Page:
Informations and abstract
Keywords: Informal Diplomacy; Anglo-Spanish Diplomacy; Seventeenth century; Benjamin Ruit; Benjamin Wright.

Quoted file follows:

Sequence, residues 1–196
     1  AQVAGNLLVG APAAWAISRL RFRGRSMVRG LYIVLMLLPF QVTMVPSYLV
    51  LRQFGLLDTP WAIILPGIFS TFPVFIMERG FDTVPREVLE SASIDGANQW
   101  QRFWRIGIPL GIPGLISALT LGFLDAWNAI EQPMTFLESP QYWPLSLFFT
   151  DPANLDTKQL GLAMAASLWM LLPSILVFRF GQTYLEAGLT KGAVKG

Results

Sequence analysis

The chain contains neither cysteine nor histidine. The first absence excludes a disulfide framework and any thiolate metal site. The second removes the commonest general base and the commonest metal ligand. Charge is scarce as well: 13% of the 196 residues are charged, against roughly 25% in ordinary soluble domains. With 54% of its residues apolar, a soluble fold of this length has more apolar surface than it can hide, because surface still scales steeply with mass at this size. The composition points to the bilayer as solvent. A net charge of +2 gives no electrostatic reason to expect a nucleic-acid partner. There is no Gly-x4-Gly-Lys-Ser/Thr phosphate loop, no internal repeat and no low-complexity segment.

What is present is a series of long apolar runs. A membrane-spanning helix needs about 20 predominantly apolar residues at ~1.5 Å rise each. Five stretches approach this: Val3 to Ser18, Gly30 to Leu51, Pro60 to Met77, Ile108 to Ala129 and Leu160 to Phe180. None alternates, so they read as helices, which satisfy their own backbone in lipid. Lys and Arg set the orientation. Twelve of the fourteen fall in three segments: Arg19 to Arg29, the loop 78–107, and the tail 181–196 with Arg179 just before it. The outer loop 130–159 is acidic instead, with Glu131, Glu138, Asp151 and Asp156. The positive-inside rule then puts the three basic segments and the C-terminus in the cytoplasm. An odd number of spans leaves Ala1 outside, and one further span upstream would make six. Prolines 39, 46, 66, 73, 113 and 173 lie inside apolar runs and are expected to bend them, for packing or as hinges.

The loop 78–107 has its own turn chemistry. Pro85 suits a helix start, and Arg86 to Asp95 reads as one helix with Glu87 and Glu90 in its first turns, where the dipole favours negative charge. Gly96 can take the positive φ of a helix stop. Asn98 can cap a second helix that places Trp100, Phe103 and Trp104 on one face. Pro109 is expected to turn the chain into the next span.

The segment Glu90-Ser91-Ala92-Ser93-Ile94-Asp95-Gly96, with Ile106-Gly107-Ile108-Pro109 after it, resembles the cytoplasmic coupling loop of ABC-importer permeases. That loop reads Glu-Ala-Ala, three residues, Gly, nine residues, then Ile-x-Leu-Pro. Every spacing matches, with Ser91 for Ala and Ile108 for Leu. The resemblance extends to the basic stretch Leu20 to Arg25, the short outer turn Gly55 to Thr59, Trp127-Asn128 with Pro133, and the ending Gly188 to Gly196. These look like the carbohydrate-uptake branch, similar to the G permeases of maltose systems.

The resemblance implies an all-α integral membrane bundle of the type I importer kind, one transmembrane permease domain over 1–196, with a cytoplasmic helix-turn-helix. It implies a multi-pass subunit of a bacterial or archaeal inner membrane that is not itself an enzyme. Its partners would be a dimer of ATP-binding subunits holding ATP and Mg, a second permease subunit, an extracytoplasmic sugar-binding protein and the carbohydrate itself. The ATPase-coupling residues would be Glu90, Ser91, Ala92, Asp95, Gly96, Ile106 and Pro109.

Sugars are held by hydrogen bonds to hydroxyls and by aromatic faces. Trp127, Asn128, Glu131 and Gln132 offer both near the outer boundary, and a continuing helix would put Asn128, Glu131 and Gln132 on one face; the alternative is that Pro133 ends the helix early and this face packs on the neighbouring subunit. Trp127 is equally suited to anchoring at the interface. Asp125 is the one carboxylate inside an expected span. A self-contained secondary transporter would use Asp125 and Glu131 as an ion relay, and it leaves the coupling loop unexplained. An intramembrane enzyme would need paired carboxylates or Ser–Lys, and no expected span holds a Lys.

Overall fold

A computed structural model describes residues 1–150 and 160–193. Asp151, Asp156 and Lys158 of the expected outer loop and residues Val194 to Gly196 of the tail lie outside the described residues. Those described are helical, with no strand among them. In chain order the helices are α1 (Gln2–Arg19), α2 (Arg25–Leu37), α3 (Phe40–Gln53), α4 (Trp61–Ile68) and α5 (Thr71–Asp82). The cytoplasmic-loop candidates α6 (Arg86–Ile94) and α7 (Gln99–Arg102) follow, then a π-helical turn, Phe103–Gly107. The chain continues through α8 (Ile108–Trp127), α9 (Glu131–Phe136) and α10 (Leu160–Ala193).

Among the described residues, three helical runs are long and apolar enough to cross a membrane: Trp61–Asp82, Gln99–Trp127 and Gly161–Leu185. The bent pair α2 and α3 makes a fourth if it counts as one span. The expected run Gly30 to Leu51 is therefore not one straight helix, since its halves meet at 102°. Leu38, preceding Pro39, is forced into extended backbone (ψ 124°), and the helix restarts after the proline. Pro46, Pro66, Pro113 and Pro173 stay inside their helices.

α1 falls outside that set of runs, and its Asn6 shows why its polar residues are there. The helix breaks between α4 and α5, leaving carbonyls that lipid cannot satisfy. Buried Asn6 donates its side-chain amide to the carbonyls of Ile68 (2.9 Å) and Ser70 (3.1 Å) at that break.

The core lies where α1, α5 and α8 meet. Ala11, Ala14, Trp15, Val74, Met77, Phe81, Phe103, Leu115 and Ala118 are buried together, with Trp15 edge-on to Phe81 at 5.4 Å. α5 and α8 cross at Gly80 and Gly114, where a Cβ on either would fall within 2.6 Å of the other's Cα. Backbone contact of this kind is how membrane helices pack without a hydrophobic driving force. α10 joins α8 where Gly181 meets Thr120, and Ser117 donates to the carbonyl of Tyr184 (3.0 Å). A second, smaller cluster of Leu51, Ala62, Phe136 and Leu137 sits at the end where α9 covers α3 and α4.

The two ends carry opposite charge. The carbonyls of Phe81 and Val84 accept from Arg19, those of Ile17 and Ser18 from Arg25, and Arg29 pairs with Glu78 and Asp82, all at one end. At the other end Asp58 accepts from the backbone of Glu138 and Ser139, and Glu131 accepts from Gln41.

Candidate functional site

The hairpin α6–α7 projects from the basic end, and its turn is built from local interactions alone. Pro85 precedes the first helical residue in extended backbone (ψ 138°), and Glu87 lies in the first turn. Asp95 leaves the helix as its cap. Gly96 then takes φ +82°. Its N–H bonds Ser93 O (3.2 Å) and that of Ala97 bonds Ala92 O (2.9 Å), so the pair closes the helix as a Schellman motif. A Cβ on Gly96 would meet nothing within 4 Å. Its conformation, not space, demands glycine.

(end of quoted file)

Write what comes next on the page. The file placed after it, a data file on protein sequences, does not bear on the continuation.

The Seventeenth hundreds have been interpreted, if not completely as the century of the birth of international relations, at least that of the consolidation of permanent diplomacy in which early modern States worked to control and monopolize the functions of information, representation and negotiation. The new approach to the subject brought by the historiographical renewal and the multiple approaches of the new diplomatic history allow to revisit any teleological approach. An analysis of Anglo-Spanish relations during the central decades of the Seventeenth century shows that when State authority was disputed or collapsed, these three tasks were followed without embassy nor ambassador informally and through the self-organisation of long term residents in the Spanish monarchy without orders nor following any planning. Merchants, exiles and clergymen took the lead to carry on the business of information, representation and negotiation, with varying degrees of success, through informal diplomacy. This article focuses mainly on the work and connections of a long-term resident, Benjamin Wright or Ruit and his connections. In spite of all the caveats of a case study, it demonstrates the possibilities and limitations of an informal self-organised diplomacy based on resilience and continuous readaptation.